1. Rhizome : It grows parallel or horizontal to soil surface. It bears nodes, internodes, buds and scaly leaves e.g., Ginger, Banana, Turmeric, Ferns.
  2. Tuber: It is terminal portion of underground stem branch which is swollen on account of accumulation of food, e.g., Potato, Helianthus tuberosus (Jerusalem artichoke).
  3. Corm: It grows vertically beneath soil surface. It is usually unbranched. It bears nodes, internodes,buds and scale leaves, e.g., Colocasia, Gladiolus, Colchicum, Crocus, Amorphophallus (Zaminkand).
  4. Bulb: Stem is reduced and disc shaped. The bud is surrounded by many concentric scale leaves.Leaf bases of inner ones are fleshy and edible and of outer ones are dry, e.g., onion, lily, garlic.
    It is of two types — tunicated and scaly. Tunicated bulb is covered by a sheath of membranous scales called tunic. It may be simple tunicated bulb– covered bya sheath, e.g, onion and Narcissus or compound tunicated bulb- concentric rings of bulblets surrounded by a white membranous sheath or tunic e.g. garlic. Scaly or naked bulbs do not have tunic, e.g., lily.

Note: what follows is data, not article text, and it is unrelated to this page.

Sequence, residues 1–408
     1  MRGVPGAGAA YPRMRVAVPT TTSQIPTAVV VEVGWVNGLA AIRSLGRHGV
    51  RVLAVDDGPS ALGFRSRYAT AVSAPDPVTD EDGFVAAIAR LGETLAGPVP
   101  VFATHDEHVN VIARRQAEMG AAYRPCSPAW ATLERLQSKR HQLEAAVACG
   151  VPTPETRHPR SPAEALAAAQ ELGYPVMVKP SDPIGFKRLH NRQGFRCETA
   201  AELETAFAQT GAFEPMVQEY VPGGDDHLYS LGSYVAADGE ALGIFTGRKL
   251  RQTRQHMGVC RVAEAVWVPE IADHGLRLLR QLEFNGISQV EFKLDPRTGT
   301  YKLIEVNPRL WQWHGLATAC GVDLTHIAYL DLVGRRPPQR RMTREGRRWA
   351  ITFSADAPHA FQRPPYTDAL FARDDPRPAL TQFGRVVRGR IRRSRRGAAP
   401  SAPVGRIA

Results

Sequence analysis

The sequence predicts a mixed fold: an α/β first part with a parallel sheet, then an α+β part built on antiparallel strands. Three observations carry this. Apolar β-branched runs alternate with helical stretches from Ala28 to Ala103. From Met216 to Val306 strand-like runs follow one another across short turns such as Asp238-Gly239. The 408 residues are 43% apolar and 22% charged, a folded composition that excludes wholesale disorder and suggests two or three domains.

Fig.: Underground stem modification
Fig.: Underground stem modification

(ii) Stem tendrils : In some plants the axillary buds present on the stem modify to form tendrils. Tendrils are long, thin, thread-like spirally coited, sensitive structures. They are the climbing organs of the plant which coil around the nearby support. They provide support to the weak and tender stem e.g., tendrils are present in grape vine, gourds (pumpkins, watermelon, cucumber).

Fig. : Stem tendrils
Fig. : Stem tendrils


Knowledge Cloud
Tendrils are formed as modifications of :

  • Entire leaf – Leaf tendril e.g., Lathyrus sativus.
  • Leaflet – Leaflet tendril e.g., Pisum.
  • Petiole – Petiolar tendril e.g., Clematis, Nepenthes.
  • Stipule – Stipular tendril e.g., Smilax.
  • Leaf apex – Leaf apex or tip tendril e.g., Gloriosa.
  • Inflorescence – Inflorescence tendril e.g., Antiqonon.
  • Stem – Stem tendril e.g., Vitis (modified apical bud), Passiflora (modified axillary bud), cucumber, pumpkins, watermelon.